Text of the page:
What now seems like a long time ago scientists first began to decode the human genome. This accomplishment was heralded as ushering in the era of personalized medicine–making diagnosis and treatment decisions based on an individual’s genetic makeup. Reaching that goal is proving to be elusive and the effect of human genetics on biochemical processes and health is very complex. Research published in Nature describes a detailed examination of 1092 genomes to study the extent and nature of genetic variation. (Nature Article) The study significantly advances the state of the art by identifying many common and unusual variations both generally and within subpopulations and should facilitate linking variation with health consequences. The path from a person’s genome to actual gene expression is not simple; environmental and other factors can affect gene expression. And our understanding of how the genome and gene expression are related to disease and to treatment is in its infancy.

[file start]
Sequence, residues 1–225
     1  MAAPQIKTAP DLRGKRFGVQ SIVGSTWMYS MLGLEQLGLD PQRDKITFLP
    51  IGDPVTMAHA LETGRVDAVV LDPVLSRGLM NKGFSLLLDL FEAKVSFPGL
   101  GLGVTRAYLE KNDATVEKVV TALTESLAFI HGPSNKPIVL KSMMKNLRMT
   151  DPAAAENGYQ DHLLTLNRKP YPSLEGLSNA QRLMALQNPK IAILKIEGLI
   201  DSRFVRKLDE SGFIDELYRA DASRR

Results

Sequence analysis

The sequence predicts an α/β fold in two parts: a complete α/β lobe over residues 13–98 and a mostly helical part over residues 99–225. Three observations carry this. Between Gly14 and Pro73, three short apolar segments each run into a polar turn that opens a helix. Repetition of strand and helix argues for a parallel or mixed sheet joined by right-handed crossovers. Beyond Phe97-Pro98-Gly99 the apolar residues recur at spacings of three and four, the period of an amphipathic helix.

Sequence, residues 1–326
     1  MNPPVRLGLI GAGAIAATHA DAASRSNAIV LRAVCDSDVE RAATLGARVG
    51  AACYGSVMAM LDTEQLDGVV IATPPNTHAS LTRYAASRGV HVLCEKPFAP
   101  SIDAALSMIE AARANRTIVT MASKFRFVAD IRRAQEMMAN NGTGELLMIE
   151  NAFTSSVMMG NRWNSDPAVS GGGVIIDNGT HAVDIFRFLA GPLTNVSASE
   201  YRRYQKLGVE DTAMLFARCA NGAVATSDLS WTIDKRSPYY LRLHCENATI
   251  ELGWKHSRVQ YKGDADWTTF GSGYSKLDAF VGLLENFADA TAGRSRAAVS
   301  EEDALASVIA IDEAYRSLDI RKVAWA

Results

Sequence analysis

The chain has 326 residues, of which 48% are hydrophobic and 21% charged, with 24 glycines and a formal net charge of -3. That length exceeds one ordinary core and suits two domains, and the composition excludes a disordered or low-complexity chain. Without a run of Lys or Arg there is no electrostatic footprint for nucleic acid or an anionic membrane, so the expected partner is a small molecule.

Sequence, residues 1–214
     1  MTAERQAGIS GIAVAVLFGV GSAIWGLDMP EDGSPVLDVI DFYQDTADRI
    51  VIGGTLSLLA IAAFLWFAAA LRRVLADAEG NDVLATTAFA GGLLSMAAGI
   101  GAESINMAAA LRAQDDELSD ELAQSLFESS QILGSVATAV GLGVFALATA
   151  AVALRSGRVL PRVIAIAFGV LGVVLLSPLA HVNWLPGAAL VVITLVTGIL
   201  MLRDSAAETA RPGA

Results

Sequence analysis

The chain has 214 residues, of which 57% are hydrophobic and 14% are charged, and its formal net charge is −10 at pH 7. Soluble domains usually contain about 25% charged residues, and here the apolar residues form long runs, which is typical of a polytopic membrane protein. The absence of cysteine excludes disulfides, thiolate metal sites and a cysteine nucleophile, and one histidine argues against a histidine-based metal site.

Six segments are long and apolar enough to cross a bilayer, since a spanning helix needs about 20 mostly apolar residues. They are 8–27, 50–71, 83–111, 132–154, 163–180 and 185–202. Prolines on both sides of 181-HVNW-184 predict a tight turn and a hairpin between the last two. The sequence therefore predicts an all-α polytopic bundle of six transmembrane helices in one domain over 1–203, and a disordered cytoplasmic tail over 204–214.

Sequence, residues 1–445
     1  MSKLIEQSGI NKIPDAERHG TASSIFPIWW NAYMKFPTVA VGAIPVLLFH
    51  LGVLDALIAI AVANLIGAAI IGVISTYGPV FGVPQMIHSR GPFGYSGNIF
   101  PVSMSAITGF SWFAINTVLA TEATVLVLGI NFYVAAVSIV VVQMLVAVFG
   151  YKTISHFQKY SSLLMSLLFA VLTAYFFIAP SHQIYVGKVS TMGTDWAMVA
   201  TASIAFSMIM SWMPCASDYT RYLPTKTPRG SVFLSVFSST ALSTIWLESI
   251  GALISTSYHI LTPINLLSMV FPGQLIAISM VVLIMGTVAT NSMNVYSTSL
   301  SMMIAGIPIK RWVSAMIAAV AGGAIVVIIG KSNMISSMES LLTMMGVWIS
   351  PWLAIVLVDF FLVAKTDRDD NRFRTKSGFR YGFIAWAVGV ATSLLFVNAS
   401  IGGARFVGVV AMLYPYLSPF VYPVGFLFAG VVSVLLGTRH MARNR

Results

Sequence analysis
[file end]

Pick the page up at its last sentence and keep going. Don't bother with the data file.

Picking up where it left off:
Ideally, one day doctors will be able to have full gene expression data for each patient and will know how that expression will affect their health. In some areas, like drug metabolism, we have a fairly good understanding of how variations in a gene or in expression of those genes affects the effectiveness of the drug for an individual. And some genes are very clearly linked to specific diseases. But for most common chronic diseases, the relationship has not yet been clearly identified. These efforts at personalized medicine have an interesting relationship to the evidence-based medicine and comparative effectiveness movements, which are often rooted more in population health concepts than in individual ones. If we truly care about quality, it seems we should be putting all of our research efforts into personalized medicine and focusing on information that is relevant to each individual patient, not what may work broadly across a population.